Thursday, June 5, 2008

Big Events and Real Writers/3

Like all epochal events, Nandigram offers a lot of fodder for a real writer. You may have noticed stories – especially in Bengali for its proximity to the land – centering on it in many literary magazines. I have read some of them, and not all of them are bad. A novel based on the turmoil, again in Bengali, is now in circulation. I don’t want to comment on it because I’ve not read it. But from the hype, it seems like a quick rehash of things you already read in the newspapers.

For real writing, you need a little distance from real time and space. But the thing is, big events are irresistible for writers. Just find out how many novels – even by well-known authors - have appeared on 9/11 and you’ll see most are crap. The sole purpose of the publishers of these books is to quickly cash in on the big event.

Do you see any novel on America’s Iraq war? There has been a crop of non-fiction books on it. But I have yet to come across any story or novel on it. Perhaps some real writer in Iraq is working on it in the solitude of his damaged home amid occasional bomb and mortar bursts.

Can one write a novel simply by visiting the region, and staying a couple of weeks talking to people and getting a feel – otherwise doing research on the subject? This is the standard method for fiction writers today. This is also the reason why you feel bored reading most of the novels in these times. It’s like writing novel with software. How can you expect verve and nuances from a writer who has not lived by and with his subject for long enough? Not even a writing geek is expected to perform it.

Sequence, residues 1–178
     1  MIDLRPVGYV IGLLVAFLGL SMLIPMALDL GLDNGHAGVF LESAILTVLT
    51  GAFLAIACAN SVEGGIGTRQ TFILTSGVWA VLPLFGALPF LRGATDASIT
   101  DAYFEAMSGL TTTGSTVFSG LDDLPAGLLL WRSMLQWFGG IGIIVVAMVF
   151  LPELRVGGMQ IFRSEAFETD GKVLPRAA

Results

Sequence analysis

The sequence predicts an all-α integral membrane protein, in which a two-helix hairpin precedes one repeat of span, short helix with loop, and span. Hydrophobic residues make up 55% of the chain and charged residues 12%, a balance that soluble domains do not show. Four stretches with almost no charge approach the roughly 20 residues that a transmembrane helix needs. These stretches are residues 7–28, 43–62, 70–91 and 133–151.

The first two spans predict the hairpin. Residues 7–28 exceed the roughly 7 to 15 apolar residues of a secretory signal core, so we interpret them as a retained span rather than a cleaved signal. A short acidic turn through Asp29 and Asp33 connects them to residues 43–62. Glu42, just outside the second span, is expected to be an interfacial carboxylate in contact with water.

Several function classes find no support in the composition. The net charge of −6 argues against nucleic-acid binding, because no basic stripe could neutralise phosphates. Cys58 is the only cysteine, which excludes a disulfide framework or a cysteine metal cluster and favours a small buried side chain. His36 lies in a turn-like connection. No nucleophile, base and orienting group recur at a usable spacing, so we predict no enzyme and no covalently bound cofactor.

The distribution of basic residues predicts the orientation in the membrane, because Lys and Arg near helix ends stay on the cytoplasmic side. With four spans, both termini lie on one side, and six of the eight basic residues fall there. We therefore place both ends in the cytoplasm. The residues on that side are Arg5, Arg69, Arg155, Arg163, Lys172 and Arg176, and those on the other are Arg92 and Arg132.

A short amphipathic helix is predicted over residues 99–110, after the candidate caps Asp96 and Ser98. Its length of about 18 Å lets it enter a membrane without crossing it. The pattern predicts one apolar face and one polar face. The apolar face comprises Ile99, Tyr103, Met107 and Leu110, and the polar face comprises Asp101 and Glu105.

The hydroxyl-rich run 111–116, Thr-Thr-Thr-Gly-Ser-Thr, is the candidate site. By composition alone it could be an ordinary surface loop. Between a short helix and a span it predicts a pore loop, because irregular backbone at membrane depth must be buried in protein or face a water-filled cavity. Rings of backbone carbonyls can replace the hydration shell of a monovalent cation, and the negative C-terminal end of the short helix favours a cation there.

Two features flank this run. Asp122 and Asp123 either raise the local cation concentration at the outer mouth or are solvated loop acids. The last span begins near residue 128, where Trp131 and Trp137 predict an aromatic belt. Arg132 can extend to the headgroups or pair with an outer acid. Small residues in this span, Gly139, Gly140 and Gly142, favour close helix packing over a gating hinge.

So, hopefully, someone some day will come up with a magnum opus based on Nandigram. The big event has thrown a challenge to the powers-that-be. It has sent an alert to those who care about human race and civilization. It may have inspired those in the lower economic stratum of society all across the world. May be it’s a turning point in history, and a harbinger of bigger things to come.

It’s huge challenge for a real writer, and a writing geek to convert all these into his fiction. But then real writing is always a lot of hard work and sweating it out.

1 comment:

Georganna Hancock M.S. said...

You ask, "How can you expect verve and nuances from a writer who has not lived by and with his subject for long enough?"

I think science fiction writers would beg to differ.

Novels based on real events, large or small, explore and reveal alternatives to the actuality.

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